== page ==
A Chapel talk that's truly in the name of God

Ashley Wooldridge of Christ's Church of the Valley gave a passionate talk Monday about changing today's culture and not just accepting its shift away from God. (Photo by Gillian Rea)

By Rick Vacek
GCU News Bureau

If everyone's name is sacred, why do we keep changing our names so much?

Think of all the people who are known by a nickname rather than their given name. It’s not Robert, it’s Bob. Elizabeth probably is known as Liz. Someone from the Murphy family inevitably is called Murph.

Think of all the sports coaches who invent nicknames for their players. That’s especially true in baseball, where nicknames are so prevalent, they’re listed right alongside statistics in a player’s biography – Hammerin’ Hank, The Sultan of Swat, etc.

But names had a far different – and far more serious – connotation in the book of Daniel (would he be Dan today?), and Ashley Wooldridge of Christ’s Church of the Valley had an important label for them Monday morning in his Chapel talk at Grand Canyon University Arena. When people are called names, maybe by just one person, that aren't cute or complimentary -- fat, ugly, weak, etc. -- they sometimes give more credence to the accusation and forget that God, and only God, has named them.

As he began, Wooldridge noted how today’s culture is straying from God, and he asked a simple question: How do I stand strong in a culture of compromise? Daniel’s story demonstrates how it can be done.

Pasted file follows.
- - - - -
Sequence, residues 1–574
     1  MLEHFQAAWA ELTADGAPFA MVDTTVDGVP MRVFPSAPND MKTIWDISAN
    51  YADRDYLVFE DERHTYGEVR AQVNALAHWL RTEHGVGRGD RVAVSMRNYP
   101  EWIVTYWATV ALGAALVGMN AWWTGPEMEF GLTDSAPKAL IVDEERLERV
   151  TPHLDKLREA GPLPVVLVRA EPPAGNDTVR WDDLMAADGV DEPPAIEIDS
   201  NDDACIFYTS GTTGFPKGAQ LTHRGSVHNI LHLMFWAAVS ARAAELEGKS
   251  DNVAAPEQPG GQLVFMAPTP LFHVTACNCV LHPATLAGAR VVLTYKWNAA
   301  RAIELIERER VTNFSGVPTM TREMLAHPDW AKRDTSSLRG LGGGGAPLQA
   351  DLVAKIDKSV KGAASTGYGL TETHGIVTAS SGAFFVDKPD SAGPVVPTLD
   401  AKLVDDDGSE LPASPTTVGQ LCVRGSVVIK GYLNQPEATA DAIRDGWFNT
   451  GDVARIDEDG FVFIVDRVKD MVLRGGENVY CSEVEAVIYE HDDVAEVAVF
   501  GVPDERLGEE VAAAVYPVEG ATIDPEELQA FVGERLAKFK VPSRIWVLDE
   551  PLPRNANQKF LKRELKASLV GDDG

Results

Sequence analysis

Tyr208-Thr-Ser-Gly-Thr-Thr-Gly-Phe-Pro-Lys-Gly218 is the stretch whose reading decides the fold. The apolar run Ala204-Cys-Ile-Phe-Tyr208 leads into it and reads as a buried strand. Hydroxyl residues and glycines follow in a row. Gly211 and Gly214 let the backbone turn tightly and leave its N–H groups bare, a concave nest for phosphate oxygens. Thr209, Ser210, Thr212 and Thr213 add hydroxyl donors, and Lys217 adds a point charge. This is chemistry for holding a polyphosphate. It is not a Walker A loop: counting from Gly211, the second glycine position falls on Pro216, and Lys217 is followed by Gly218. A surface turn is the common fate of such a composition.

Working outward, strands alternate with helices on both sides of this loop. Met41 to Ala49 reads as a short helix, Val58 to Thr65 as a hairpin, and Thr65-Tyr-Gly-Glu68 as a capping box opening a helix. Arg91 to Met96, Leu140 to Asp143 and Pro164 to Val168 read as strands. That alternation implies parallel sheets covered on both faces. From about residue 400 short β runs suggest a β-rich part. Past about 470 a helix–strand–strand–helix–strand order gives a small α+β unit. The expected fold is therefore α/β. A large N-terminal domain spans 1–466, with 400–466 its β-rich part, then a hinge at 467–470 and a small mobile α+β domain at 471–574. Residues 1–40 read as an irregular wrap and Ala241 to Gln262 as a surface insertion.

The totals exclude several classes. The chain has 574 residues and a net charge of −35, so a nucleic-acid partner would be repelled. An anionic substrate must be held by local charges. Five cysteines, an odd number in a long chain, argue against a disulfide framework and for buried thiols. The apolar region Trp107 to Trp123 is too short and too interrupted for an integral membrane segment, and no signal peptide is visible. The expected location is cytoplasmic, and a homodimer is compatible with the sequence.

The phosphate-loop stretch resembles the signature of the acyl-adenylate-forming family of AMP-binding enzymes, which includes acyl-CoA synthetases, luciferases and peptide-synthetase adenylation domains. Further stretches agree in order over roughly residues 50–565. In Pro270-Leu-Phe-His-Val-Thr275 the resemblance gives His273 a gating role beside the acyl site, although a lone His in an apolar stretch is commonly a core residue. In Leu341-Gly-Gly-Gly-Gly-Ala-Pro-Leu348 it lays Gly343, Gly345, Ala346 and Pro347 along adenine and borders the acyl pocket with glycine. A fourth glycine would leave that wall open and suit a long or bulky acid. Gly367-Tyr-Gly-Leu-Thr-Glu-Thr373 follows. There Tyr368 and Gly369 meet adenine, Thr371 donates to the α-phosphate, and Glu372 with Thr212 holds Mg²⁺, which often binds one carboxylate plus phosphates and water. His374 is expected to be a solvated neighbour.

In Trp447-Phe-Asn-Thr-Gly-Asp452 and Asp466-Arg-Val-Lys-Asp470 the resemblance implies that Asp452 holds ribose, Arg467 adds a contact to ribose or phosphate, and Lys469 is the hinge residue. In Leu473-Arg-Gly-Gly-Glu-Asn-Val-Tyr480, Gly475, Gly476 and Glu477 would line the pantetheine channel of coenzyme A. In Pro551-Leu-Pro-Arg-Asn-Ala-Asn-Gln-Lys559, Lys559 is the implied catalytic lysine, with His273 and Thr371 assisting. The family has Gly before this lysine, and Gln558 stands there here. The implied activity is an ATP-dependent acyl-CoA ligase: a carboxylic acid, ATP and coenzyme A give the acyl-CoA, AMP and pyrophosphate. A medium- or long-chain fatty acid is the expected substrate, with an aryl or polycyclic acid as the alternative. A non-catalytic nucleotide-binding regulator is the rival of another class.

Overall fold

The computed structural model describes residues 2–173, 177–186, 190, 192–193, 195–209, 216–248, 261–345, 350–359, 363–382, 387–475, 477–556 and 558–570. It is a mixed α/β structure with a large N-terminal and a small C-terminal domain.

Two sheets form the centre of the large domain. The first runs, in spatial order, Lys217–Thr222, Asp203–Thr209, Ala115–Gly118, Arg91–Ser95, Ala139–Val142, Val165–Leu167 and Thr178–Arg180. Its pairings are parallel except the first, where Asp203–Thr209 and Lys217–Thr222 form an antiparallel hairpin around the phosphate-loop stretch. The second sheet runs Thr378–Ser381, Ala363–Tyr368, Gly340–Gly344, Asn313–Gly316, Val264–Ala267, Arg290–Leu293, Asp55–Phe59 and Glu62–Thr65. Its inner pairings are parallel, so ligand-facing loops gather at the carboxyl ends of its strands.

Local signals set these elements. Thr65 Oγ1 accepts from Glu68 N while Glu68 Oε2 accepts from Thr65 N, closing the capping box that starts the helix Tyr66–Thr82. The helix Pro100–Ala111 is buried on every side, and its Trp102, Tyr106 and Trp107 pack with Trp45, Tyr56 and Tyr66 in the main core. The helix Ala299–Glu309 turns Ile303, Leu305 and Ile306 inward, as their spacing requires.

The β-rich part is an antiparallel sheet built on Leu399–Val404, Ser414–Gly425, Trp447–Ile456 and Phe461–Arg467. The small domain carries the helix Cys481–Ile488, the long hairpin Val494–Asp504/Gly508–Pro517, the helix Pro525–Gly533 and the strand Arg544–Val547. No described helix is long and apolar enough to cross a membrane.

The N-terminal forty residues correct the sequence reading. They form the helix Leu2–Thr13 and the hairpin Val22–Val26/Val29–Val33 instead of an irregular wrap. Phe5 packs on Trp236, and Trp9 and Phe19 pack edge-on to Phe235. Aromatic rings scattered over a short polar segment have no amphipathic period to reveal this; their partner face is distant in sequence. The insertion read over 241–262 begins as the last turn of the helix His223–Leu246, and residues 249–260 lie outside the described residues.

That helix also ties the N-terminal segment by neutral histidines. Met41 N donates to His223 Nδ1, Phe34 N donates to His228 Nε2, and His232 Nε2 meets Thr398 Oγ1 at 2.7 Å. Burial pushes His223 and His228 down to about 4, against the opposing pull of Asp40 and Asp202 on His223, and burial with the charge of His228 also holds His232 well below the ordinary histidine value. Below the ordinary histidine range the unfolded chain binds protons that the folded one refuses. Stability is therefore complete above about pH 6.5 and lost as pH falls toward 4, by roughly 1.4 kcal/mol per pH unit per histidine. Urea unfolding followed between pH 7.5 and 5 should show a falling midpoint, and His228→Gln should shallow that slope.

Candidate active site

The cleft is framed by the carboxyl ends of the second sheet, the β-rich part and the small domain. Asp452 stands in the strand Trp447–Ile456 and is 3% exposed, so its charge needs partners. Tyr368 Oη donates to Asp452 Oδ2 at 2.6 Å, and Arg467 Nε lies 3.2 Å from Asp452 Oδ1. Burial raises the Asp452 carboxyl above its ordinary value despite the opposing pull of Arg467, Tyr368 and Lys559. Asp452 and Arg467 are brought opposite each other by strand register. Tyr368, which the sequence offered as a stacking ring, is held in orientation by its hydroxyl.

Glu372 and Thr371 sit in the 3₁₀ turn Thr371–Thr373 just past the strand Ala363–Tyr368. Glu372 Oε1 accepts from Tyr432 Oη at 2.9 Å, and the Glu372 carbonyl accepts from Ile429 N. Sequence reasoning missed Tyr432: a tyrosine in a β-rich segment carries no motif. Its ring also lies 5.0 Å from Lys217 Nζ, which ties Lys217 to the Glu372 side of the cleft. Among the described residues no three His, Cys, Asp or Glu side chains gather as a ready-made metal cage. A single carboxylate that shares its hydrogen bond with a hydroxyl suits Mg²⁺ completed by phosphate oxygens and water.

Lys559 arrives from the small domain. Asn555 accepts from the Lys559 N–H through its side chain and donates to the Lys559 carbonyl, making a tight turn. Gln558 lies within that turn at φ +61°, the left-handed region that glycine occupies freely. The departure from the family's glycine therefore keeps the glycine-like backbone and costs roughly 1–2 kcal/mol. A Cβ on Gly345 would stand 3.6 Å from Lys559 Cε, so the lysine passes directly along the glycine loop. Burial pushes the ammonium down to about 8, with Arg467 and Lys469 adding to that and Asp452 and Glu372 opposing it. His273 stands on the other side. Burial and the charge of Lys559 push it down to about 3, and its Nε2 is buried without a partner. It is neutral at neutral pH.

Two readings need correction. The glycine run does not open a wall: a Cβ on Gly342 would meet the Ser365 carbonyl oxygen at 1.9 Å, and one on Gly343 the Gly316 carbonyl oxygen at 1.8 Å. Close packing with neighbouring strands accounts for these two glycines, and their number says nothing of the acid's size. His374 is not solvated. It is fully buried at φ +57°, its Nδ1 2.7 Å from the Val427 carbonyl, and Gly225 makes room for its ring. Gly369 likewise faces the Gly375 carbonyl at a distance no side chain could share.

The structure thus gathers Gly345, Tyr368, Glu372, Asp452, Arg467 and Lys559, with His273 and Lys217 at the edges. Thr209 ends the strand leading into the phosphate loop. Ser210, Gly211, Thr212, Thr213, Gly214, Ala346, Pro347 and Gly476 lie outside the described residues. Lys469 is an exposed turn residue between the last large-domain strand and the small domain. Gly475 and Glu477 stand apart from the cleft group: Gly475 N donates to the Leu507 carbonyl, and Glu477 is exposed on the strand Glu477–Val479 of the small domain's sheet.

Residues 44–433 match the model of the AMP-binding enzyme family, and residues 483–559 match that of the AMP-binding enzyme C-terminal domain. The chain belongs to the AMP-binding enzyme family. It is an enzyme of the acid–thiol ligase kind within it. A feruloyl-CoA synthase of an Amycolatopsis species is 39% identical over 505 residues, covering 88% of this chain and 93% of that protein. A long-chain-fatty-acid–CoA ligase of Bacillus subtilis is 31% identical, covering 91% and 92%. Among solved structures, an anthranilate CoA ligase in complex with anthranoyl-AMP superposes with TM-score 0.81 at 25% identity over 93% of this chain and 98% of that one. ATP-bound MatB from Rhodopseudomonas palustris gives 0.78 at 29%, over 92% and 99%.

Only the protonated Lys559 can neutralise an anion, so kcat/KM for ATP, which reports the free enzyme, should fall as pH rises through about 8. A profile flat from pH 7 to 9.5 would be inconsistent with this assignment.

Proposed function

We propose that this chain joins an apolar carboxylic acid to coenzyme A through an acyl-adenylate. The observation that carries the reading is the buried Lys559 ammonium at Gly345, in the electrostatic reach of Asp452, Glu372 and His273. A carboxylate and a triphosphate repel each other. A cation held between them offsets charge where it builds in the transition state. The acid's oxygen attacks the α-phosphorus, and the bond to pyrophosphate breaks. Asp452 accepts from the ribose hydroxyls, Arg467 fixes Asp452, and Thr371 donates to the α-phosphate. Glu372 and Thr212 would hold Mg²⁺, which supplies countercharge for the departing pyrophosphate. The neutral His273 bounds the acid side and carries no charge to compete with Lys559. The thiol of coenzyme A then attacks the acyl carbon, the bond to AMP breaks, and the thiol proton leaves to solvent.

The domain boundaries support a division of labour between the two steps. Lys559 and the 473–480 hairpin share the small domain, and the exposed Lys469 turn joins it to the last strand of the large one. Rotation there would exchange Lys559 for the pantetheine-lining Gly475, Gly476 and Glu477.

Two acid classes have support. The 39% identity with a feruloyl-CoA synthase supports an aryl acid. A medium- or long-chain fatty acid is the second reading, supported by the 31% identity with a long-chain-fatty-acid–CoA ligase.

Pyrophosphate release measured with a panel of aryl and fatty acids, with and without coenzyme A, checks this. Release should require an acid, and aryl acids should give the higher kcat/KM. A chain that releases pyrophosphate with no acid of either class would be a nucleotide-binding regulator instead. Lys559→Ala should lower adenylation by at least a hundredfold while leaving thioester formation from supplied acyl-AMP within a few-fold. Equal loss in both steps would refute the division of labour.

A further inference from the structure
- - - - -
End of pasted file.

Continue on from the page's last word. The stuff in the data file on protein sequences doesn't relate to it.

Chapter 1 of Daniel explains how Nebuchadnezzar, king of Babylon, had besieged Jerusalem and wanted to brainwash its most elite citizens – Daniel among them – into accepting the corrupt culture of Babylon.

Daniel 1:5-7 reads:

And the king appointed them a daily provision of the king's meat, and of the wine which he drank: so nourishing them three years, that at the end thereof they might stand before the king.

Now among these were of the children of Judah, Daniel, Hananiah, Mishael, and Azariah:

Unto whom the prince of the eunuchs gave names: for he gave unto Daniel the name of Belteshazzar; and to Hananiah, of Shadrach; and to Mishael, of Meshach; and to Azariah, of Abednego.

That it was three years is significant for college students, Wooldridge told his audience, because that’s approximately how long they’ll be at GCU.

“College is an environment where, for three or four years, you’re making decisions about what kind of values you’re going to have for the rest of your life,” he said. “And many of you, for the first time, you’re away from family, culture has shifted on you a little bit.”

Those new names the four men were given weren’t anything like the comfortable nicknames we use today. They had very dark, intentional meanings:

Daniel means “God is my judge.” Belteshazzar means, “Lady, protect the king.”

The Babylonians purposely gave Daniel a girl’s name, “which is why I can relate with Daniel so well,” said Wooldridge, who was named after the Ashley Wilkes character in “Gone with the Wind.”

“If you study pagan cultures that lose their identity and lose their godly values, one of the first things you will see is gender confusion,” he added. “… Culture wants to confuse you about who God says you are.”